The gift of God’s healing love

A Christian Science perspective: There’s one gift that can’t be bought or taken away from anyone.

What can I give? This is a simple question. So much of the time, though, a gift is thought of as some physical thing – something measured as a commodity, a debit or credit, something that may be beneficial to the recipient, but burdensome for the giver to provide. However, the Bible describes one gift that benefits us all unconditionally. St. Paul writes, “Unto every one of us is given grace according to the measure of the gift of Christ” (Ephesians 4:7). This gift is the ever-presence of the Christ, the spirit of God, the divine Love that excludes no one – no matter what our age, financial standing, or circumstances might be.

In her seminal work, “Science and Health with Key to the Scriptures,” Mary Baker Eddy, the Discoverer of Christian Science, writes: “Love is impartial and universal in its adaptation and bestowals. It is the open fount which cries, ‘Ho, every one that thirsteth, come ye to the waters’ ” (p.13). This is a promise from our Father-Mother God. And when we humbly turn to Him to understand Him better, we experience the fact that He delivers us, comforts us, and provides us with what is just right for us at every moment.

Years ago, when I was visiting relatives as a young teenager, one of them shared with me a tragic experience that he was deeply upset about. At first, I wondered why he was sharing such deep emotions with me, since he was so much older than I was. I also recalled my own family’s recent similar experience, which had forced me to look beyond the outward circumstances to discover more about God. Through my prayerful turning to God, I had learned so much about God’s great love for all of His children.

I realized that what my relative was yearning for was to understand and feel God’s love. With all my heart, I reached out to God to know what to say to comfort him. As I prayed and listened, I felt a deep conviction of God’s tender love for both of us, right then and there. I felt so moved by this “grace according to ... the gift of Christ” that the words just came. I conveyed with confidence to him that God is Love, and that He never stops caring for all of His children. And that God, as our loving Father-Mother, does not give us catastrophic experiences, but rather, He lifts us above our human circumstances, supports us and heals us. With that, he relaxed, and his manner became quiet and peaceful. I was humbly grateful to see how God was meeting his need, and mine.

This experience, among others, enabled me to see that the source of all healing is God, divine Love. Love blesses all equally. God doesn’t take from one in order to give to another, nor is there any waste or loss of the blessing God has for each one. In the experience I had with my relative, what was given was received gratefully; it was effective, valuable, and valued. It didn’t cost anything, didn’t have to be wrapped up, and didn’t have to be given at a particular time of year. It further grounded my understanding of God’s boundless love for all of His children. It was God’s gift to both of us.

When we share the love of God with others, this saying of Christ Jesus is fulfilled in our lives: “Give, and it shall be given unto you; good measure, pressed down, and shaken together, and running over, shall men give into your bosom. For with the same measure that ye mete withal it shall be measured to you again” (Luke 6:38).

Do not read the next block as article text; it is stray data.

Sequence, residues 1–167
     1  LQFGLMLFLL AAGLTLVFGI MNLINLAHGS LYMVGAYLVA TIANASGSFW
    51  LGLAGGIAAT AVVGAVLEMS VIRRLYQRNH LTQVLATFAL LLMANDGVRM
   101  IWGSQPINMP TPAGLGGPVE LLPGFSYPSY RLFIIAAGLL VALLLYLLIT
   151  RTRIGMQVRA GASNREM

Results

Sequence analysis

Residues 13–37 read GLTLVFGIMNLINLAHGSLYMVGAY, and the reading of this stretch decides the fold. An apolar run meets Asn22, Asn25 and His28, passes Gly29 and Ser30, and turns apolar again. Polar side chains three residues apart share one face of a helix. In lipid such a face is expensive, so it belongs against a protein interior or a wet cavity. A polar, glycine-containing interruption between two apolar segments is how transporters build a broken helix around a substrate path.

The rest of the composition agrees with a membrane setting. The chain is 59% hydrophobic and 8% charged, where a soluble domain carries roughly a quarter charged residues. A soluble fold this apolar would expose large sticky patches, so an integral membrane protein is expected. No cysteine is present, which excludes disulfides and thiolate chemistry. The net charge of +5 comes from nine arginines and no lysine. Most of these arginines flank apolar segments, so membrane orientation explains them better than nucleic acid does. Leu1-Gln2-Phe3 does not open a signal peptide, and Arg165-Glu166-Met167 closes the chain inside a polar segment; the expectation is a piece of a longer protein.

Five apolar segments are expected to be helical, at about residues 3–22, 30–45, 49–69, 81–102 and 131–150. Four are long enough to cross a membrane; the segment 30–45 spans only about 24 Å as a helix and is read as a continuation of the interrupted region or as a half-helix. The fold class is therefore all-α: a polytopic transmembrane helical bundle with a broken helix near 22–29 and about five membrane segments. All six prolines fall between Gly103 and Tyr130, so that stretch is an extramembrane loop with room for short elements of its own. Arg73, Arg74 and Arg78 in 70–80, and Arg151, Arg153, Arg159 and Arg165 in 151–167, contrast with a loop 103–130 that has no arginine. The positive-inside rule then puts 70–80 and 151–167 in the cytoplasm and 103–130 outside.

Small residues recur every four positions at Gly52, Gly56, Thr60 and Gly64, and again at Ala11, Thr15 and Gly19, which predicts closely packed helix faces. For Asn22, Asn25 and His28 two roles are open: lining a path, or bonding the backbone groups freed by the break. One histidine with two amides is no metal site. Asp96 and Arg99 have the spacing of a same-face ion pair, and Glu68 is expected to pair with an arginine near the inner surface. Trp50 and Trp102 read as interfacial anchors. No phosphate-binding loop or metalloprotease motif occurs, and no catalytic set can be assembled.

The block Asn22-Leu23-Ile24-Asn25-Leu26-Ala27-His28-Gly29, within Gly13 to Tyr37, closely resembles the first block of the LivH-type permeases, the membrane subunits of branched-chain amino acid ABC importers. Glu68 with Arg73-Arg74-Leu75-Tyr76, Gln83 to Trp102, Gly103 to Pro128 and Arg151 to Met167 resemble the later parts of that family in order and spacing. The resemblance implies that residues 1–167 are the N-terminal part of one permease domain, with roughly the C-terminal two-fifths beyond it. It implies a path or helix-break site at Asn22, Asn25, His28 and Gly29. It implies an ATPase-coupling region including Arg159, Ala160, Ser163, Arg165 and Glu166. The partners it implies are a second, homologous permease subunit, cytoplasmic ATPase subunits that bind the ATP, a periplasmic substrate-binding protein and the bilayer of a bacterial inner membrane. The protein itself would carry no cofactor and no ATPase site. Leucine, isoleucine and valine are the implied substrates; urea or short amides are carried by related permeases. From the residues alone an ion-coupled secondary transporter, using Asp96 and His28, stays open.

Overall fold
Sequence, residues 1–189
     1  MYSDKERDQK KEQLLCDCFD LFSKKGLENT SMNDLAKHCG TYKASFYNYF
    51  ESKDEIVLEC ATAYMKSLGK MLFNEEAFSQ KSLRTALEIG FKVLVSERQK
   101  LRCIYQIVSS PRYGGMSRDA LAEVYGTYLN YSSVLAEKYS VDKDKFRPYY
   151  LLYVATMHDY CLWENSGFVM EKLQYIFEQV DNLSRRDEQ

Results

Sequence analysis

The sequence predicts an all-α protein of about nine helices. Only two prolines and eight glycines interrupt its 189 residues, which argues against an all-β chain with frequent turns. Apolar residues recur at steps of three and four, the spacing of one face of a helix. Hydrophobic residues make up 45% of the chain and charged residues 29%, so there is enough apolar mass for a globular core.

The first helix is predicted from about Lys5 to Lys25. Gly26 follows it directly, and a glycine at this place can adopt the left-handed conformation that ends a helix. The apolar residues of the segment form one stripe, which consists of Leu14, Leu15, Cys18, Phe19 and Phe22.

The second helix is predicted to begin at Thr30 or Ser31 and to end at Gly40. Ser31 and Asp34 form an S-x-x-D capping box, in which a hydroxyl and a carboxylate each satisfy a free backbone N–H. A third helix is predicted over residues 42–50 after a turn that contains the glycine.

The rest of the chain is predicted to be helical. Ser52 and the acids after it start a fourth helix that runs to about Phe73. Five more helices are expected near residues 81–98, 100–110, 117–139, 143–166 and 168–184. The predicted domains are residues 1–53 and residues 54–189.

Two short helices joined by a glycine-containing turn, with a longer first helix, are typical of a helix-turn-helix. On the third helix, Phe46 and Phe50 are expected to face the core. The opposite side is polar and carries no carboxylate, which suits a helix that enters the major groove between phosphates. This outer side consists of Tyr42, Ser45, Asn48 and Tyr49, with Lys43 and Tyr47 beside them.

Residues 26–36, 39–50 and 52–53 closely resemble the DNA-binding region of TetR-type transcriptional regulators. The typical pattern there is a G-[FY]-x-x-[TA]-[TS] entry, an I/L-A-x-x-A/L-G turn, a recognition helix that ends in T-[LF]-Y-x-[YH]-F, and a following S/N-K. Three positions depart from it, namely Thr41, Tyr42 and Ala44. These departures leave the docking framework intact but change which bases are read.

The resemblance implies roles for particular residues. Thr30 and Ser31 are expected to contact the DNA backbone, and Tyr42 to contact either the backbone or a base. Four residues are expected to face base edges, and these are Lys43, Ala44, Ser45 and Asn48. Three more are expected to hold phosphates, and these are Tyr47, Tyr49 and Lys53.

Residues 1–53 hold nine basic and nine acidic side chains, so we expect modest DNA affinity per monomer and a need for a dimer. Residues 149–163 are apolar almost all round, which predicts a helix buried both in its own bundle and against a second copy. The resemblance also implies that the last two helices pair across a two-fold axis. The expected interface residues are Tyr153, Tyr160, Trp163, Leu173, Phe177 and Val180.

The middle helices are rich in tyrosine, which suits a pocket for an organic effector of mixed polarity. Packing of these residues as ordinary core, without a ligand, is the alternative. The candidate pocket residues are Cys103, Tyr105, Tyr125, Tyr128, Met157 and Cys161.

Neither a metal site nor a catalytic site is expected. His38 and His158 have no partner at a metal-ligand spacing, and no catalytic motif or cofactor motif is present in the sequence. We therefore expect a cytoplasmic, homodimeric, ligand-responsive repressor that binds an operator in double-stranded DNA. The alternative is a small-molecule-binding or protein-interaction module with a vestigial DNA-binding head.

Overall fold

In the true spirit of giving, let us give the gift of unselfish, spiritual love to all those thirsting for healing.

You've read  of  free articles. Subscribe to continue.
Real news can be honest, hopeful, credible, constructive.
What is the Monitor difference? Tackling the tough headlines – with humanity. Listening to sources – with respect. Seeing the story that others are missing by reporting what so often gets overlooked: the values that connect us. That’s Monitor reporting – news that changes how you see the world.

Dear Reader,

About a year ago, I happened upon this statement about the Monitor in the Harvard Business Review – under the charming heading of “do things that don’t interest you”:

“Many things that end up” being meaningful, writes social scientist Joseph Grenny, “have come from conference workshops, articles, or online videos that began as a chore and ended with an insight. My work in Kenya, for example, was heavily influenced by a Christian Science Monitor article I had forced myself to read 10 years earlier. Sometimes, we call things ‘boring’ simply because they lie outside the box we are currently in.”

If you were to come up with a punchline to a joke about the Monitor, that would probably be it. We’re seen as being global, fair, insightful, and perhaps a bit too earnest. We’re the bran muffin of journalism.

But you know what? We change lives. And I’m going to argue that we change lives precisely because we force open that too-small box that most human beings think they live in.

The Monitor is a peculiar little publication that’s hard for the world to figure out. We’re run by a church, but we’re not only for church members and we’re not about converting people. We’re known as being fair even as the world becomes as polarized as at any time since the newspaper’s founding in 1908.

We have a mission beyond circulation, we want to bridge divides. We’re about kicking down the door of thought everywhere and saying, “You are bigger and more capable than you realize. And we can prove it.”

If you’re looking for bran muffin journalism, you can subscribe to the Monitor for $15. You’ll get the Monitor Weekly magazine, the Monitor Daily email, and unlimited access to

QR Code to The gift of God’s healing love
Read this article in
QR Code to Subscription page
Start your subscription today